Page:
The amphorae in the cellars of Chateau Pontet Canet

The amphorae in the cellars of Chateau Pontet Canet

As I mentioned above the right bank has the greatest concentration of organic properties and it is an area that has been a hot bed of innovation in wine making technology as well as agricultural methods since the late 1980’s.

It reminds me of how when the ‘garage wine’ movement first started in the right bank with a lot of more established producers showing disdain for the ideas but now later harvest dates, cold soaks and selection tables are common place throughout Bordeaux – we are seeing a similar thing with organic agricultural techniques, more and more producers are reducing chemical loads, ploughing, using lighter tractors, growing green crops between plantings and using pheromones in their vines to control the vine moths through sexual confusion. This last practice is also open to some criticism as again not everyone is convinced that having large concentrations of insect pheromones in the air is necessarily a good thing.

Some properties may not be certified or searching certification but the theories and methods introduced by the certification are taking a hold and the results can be clearly seen as you drive around the vineyards. Non certified properties use many of the sustainable, organic and biodynamic principles such as Chateau Clinet in Pomerol, where owner wine marker Ronan Laborde talks of gentle farming methods and uses the biodynamic practice of tying the vines rather than trimming. This works perfectly on the vines that, as of 2004, they raised by 10-15 cm to obtain a larger leaf area to favour the ripening of the grapes. A programme that took 2 years to complete.

'Living' soil at Chateau Clinet

‘Living’ soil at Chateau Clinet

It’s now common to see more ploughing going on between vines to control weeds but also to aerate and bring the soil back to life. This is done more and more by horses. Chateau may either have their own horses such as at Chateau Latour, Chateau Pontet Canet or Chateau Troplong Mondot or by using specialist companies that provide the horse drawn ploughing services. Chateau Cheval Blanc uses such a service and yes, when I was there, it was a white horse pulling the plough.

Ploughing at Chateau Pontet Canet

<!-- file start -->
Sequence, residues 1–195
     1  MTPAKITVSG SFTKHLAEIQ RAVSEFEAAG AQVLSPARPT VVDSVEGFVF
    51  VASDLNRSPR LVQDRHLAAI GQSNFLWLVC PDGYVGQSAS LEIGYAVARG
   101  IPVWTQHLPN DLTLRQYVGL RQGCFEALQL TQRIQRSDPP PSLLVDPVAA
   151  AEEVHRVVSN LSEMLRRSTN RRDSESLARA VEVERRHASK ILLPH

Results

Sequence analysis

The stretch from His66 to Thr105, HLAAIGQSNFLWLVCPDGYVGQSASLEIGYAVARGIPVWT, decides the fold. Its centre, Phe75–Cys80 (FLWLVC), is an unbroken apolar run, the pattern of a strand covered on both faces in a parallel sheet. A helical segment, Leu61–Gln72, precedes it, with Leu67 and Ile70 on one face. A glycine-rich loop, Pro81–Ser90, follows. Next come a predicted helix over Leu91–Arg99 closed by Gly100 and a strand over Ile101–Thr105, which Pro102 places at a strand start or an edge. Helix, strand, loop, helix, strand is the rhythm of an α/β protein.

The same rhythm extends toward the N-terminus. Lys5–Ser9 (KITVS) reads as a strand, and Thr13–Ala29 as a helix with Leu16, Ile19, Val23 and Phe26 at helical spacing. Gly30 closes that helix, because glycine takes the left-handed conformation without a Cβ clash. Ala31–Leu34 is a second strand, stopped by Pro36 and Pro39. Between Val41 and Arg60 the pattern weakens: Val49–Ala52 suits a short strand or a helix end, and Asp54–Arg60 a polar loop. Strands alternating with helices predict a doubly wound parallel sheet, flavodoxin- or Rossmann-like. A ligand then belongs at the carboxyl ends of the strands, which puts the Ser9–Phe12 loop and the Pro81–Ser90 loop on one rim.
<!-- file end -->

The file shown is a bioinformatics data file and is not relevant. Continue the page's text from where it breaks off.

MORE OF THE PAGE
Ploughing at Chateau Pontet Canet

Francois Despagne, owner of Chateau Grand Corbin Despagne, classified growth of Saint Emilion, is one of the most passionate viticulturalists I know in Bordeaux and is certified sustainable by Terravitis and had several experimental plots on the vineyard under organic before converting and becoming organic and is now experimenting with bio dynamics. His brother, Nicolas, owner of Chateau la Maison Blanche up the road in Montagne Saint Emilion, is a passionate advocate of biodynamics.

Bending the vines rather than strumming them - a practice once limited to biodynamics is now seen more often in Bordeaux vineyards

Bending the vines rather than strumming them – a practice once limited to biodynamics is now seen more often in Bordeaux vineyards

Certification is an expensive and complicated process and not all growers have the money or the manpower necessary to implement it, even if they agree with the philosophy. The CIVB (Conseil des Vins de Bordeaux – The Bordeaux wine council) has devised a way to help such properties. The System de Management Environmental (SME) is a process whereby the cost of a consultant and the certification process is shared between the CIVB and a group of wine makers or chateaux. The members also appreciate this collective initiative as an opportunity to exchange notes and share problems they encounter along the way. Currently 141 wine producers have reached the ISO 14001 environmental certification through this system and another 300 are currently engaged in the process, including wine merchants and cooperatives as well at chateaux, altogether totalling 12 500 ha of Bordeaux vines.

There are other interprofessional schemes; Bordeaux was the first vineyard to have a collective Carbon footprint project for the « Bordeaux Wine Climate plan 2020 » launched in 2010 with the objective of 20% less green house effect, 20% energy savings, 20% renewable energy, 20% water savings by 2020 in line with the European objective of cutting its emissions to 20 per cent below 1990 levels by 2020, The Bordeaux objective is -40 000 t.eq C by this date. It was 203 000 t.eq C in 2010. On-line Carbon foot print calculator is freely available for the Bordeaux wine community so they can measure and adapt their carbon footprint accordingly.

So where does this leave us? In 2012 over 40 400 ha of farmland were certified organic in France with another 24 351 in conversion (a 3 year programme). This is about 8% of French vines but also 6% of French organic agriculture – so wines are well ahead of the trend and the prognosis for 2013 was over 51 000ha.